Still on the performance short list of King Kong cars is the McLaren F1,
….and it’s taken the McLaren factory two decades to come up with a worth replacement. Some might say that they’ve had their hands full racing and that’s all the better for their latest road car, as the P1 is chock-a-block with stuff you only hear about on the Formula One circuit.
But for all the technological dazzle, is the McLaren P1 faster than a McLaren F1 road car 20 years its senior? Read on…
Introduced at the Paris Auto Show 2012, all that had come out of the factory was titillating leaks until Formula 1 driver, Jensen Button, drove one up the hill at the Goodwood Festival of Speed last month and for the 1st time, people actually saw one move. (see video at end of story)
McLaren says they are bent on the P1 being, “the best driver’s car in the world for either the street or track”, and that’s a daunting task, considering how the Porsche 918 (among others) is looking to wear the same label.
The styling is all McLaren MP4-12C, but if these two cars were people, you would instantly know which one is going to end up with a parole officer.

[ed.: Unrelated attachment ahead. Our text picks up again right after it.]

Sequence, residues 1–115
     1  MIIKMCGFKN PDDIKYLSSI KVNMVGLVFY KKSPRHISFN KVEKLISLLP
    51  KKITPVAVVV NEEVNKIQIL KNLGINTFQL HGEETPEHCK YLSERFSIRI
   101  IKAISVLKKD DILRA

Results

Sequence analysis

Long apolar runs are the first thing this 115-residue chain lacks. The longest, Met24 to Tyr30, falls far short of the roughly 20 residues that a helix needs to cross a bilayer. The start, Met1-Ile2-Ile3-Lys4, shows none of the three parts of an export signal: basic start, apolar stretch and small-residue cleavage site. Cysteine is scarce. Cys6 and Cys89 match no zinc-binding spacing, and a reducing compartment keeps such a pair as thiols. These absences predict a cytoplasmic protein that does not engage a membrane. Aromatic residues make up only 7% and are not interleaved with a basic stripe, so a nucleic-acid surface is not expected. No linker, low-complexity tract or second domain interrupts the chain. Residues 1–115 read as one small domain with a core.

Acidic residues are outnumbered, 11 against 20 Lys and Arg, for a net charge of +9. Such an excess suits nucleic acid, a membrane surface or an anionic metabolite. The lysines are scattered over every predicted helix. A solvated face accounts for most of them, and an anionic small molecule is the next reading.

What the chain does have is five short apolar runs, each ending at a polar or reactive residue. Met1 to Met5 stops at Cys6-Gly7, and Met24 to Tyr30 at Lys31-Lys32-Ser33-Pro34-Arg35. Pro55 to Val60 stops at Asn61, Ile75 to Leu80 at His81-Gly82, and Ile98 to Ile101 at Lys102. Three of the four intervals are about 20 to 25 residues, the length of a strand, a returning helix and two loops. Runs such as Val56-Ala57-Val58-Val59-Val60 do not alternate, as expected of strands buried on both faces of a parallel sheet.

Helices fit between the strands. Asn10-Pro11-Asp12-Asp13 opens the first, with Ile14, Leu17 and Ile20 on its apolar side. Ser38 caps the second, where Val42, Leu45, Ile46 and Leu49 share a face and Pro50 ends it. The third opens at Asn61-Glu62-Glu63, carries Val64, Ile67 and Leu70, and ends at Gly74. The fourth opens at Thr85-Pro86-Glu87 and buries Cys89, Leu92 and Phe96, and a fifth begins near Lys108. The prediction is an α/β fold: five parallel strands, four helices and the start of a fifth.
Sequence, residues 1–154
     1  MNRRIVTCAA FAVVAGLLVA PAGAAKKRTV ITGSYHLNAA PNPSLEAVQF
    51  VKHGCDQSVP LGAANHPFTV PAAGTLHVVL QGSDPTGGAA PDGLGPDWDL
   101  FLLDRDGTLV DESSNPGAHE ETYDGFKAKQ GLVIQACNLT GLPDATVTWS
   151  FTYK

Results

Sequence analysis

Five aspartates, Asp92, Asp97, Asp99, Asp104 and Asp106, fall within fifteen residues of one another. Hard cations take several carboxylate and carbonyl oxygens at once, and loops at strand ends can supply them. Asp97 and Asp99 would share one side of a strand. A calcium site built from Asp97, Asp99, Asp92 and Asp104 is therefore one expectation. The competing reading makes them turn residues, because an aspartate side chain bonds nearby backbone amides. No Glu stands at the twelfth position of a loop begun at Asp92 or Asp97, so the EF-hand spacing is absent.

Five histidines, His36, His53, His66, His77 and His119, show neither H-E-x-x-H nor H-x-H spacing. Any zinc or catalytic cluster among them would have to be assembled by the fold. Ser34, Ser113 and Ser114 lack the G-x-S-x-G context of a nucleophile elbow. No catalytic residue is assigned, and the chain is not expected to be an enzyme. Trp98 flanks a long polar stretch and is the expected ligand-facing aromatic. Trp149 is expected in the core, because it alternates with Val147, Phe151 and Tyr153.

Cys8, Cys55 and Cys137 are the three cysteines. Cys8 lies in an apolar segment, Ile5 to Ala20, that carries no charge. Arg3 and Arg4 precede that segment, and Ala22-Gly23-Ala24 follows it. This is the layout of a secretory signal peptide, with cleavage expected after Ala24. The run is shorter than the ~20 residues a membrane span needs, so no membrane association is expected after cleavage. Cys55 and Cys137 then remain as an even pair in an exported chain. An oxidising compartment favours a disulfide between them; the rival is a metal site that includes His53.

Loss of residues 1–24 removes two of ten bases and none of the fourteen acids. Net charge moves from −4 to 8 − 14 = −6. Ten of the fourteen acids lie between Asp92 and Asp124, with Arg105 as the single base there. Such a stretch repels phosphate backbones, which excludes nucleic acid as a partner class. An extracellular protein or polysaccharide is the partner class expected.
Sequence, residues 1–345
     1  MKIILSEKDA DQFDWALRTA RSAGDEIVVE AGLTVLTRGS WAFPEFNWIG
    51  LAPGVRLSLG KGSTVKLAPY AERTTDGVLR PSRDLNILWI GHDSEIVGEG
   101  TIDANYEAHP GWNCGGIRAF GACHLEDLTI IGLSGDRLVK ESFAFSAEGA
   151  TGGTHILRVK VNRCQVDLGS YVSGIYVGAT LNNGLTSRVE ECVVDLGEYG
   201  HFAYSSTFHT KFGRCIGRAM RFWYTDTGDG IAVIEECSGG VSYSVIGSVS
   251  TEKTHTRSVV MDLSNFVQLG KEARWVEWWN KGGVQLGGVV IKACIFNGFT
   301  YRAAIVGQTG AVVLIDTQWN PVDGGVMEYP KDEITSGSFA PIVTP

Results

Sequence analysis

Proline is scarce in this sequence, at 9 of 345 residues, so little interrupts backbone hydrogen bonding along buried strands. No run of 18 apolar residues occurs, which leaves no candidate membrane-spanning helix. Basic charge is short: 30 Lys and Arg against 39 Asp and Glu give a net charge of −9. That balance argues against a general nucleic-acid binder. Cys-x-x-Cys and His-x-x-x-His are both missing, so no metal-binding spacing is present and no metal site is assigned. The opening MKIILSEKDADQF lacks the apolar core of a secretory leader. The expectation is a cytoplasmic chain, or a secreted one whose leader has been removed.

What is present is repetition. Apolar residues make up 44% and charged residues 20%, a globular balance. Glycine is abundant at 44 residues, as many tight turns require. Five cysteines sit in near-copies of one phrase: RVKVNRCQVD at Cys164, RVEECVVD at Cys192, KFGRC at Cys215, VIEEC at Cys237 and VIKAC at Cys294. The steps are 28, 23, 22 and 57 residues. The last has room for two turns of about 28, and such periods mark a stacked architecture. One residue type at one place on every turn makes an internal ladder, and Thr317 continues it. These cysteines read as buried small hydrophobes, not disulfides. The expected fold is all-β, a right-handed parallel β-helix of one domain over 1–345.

Yes, it’s a hybrid, but I could care less how much the range is in electric mode only (12 miles) or that this thing will totally recharge a flat battery quickly (2 hours).
What interests me is how handily McLaren has transferred Formula One technology directly to the street:
- The Instant Power Assist System (IPAS) will give an instant boost in acceleration by driving the front wheels via the electric motor.
- Drag Reduction System (DRS), which operates the car’s rear wing, and both of these
features are available with a simple flick of a button.
- KERS system-for those unfamiliar with the acronym, Kinetic Energy Recovery Systems store the energy created by a vehicle under breaking, stores it in an on-board battery, and uses the stored energy for extra power on demand.
Dave’s note…. I would have the above systems active all the time. Yep, all the time…
- 3.8-litre twin-turbocharged V8, similar to the motor used in the MP4-12C
- 727 bhp
- KERS electric motor that produces 176 bhp.
- a bit over 900 bhp at 7500 rpm, so:
The P1 will go from 0 to 60 in under 3 seconds and 0 to 186 mph in 17 seconds, making it 5 seconds faster than the McLaren F1. And that’s a lot of seconds.
And that is the real side benefit of racing technology; the trickle-down effect of things like disc brakes, paddle-shift, and buttons on the steering wheel, eventually ends up in cars you and I can get our hands on.
“The priority is the driving experience,” notes Dan Parry-Williams of McLaren, and a very lucky 375 people are going to experience scaring themselves silly with technology that until recently was only for the Jensen Buttons of the world.
See You on Down the Road,